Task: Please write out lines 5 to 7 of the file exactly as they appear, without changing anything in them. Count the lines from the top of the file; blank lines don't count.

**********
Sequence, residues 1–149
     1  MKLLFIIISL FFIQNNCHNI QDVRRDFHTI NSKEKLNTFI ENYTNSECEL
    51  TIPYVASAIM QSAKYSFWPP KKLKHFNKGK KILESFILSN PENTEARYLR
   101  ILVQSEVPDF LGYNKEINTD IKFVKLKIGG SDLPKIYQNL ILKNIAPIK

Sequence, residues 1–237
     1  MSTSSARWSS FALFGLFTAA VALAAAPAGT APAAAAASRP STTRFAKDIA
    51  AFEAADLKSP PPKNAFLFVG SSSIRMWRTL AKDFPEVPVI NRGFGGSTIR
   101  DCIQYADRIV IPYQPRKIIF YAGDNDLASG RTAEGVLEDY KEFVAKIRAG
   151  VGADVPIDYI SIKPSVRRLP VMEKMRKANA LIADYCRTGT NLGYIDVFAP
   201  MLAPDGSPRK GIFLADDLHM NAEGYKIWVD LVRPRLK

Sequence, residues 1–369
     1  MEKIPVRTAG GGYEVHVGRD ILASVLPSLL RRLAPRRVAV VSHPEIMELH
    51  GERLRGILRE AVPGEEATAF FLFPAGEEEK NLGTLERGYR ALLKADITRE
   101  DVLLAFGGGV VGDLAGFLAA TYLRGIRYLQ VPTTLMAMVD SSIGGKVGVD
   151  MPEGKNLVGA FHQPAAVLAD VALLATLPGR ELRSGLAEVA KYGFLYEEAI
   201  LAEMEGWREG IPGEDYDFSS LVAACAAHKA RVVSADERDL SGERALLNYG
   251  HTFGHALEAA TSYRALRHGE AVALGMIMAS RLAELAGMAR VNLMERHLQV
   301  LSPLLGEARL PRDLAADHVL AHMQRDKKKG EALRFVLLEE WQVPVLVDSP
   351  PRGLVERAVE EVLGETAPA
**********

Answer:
Sequence, residues 1–237
     1  MSTSSARWSS FALFGLFTAA VALAAAPAGT APAAAAASRP STTRFAKDIA
    51  AFEAADLKSP PPKNAFLFVG SSSIRMWRTL AKDFPEVPVI NRGFGGSTIR